The Worst Social Media Fails of All Time & What You Can Learn from Them

E Commerce
October 31, 2019 By Invictus Studio Editor

People might spare a person when he makes a mistake on social media, but the rules of the game change when it is a business. If you make a mistake as a business, it takes only a few minutes for the audience to launch a verbal onslaught and crack cruel jokes. Companies with bad social media presence are also likely to lose a lot of customers.

Social Media Marketing Gone Wrong

Here are a few instances when some well-known brands dropped the ball on social media and bore its repercussions:

1.    Users troll Snapchat’s support bot

When Snapchat users began to experience some difficulties with Snapstreaks in July 2018, the company ran a tweet to make its followers aware about the issue being fixed.

Snapchat, however, didn’t expect that setting up a bot to auto-reply to disappointed users would turn into a meme and they’ll themselves fall victim to it. The auto-reply was a big loophole, which is why many users found a way to game the system. Users are intelligent; after one user caught Snapchat, the others joined the bandwagon to test it too. It goes without saying that Snapchat failed the test.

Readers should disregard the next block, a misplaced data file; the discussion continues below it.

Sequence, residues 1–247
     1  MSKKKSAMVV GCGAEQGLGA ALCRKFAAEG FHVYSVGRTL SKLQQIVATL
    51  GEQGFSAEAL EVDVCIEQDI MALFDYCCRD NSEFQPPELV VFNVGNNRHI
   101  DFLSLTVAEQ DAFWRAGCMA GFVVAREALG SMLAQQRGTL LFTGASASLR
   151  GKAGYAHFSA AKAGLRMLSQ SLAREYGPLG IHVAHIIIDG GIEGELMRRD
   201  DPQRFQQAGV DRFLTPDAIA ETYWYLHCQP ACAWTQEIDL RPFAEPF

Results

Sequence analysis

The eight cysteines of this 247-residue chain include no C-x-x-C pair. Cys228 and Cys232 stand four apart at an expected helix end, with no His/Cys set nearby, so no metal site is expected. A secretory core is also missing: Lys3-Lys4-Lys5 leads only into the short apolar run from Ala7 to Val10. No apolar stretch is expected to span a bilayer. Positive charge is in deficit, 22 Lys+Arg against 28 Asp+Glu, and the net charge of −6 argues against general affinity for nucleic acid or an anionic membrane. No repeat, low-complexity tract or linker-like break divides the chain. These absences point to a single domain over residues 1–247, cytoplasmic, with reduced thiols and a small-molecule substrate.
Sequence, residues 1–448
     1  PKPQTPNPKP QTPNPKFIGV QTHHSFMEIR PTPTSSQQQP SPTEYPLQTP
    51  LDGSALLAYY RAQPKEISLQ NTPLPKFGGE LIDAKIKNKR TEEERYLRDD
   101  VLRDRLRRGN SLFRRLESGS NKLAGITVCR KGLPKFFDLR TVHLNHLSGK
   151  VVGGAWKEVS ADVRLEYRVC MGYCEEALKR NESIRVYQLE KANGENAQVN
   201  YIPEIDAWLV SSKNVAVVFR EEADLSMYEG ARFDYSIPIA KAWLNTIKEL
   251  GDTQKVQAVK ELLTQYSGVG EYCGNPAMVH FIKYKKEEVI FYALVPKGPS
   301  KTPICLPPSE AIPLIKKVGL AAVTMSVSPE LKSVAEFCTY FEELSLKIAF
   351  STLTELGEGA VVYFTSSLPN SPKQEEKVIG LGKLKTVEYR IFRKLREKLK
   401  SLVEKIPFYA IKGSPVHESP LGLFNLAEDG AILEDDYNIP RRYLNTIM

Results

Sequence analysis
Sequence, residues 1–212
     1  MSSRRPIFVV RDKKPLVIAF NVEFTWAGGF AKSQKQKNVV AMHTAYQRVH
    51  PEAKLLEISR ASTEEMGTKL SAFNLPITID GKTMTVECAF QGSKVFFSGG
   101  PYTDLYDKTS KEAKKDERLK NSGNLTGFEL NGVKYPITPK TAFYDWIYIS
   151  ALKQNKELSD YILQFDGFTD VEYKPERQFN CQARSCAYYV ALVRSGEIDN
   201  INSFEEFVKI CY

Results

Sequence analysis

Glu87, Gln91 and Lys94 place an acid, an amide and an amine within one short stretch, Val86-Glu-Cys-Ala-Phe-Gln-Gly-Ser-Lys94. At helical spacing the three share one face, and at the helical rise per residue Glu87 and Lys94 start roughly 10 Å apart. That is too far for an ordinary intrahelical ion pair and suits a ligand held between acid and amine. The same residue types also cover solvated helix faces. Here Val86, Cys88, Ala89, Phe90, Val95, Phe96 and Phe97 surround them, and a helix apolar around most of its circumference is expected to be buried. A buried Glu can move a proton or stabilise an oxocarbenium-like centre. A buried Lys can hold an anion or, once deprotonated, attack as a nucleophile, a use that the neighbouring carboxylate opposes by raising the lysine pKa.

snapchat social media marketing fail

snapcht social media marketing fail

Automation is a wonderful way to save time, but when it comes to replying to people’s comments, brands shouldn’t rely solely on auto-reply. While, in this particular scenario, automation turned out super useful as it sent users a reassuring message and pointed them in the right direction, Snapchat had very little idea about how automating their replies on Twitter could be the worst possible thing. But like we said earlier, users are smart and if you treat them like numbers, they figure it out quickly.

Here’s the takeaway: although it is not always a bad idea to automate some aspects of your social media (like scheduling), setting up a bot to auto-reply in some cases is tantamount to jumping into hot water.

 

2.    Sunny Co. Clothing Company fails to keep its promise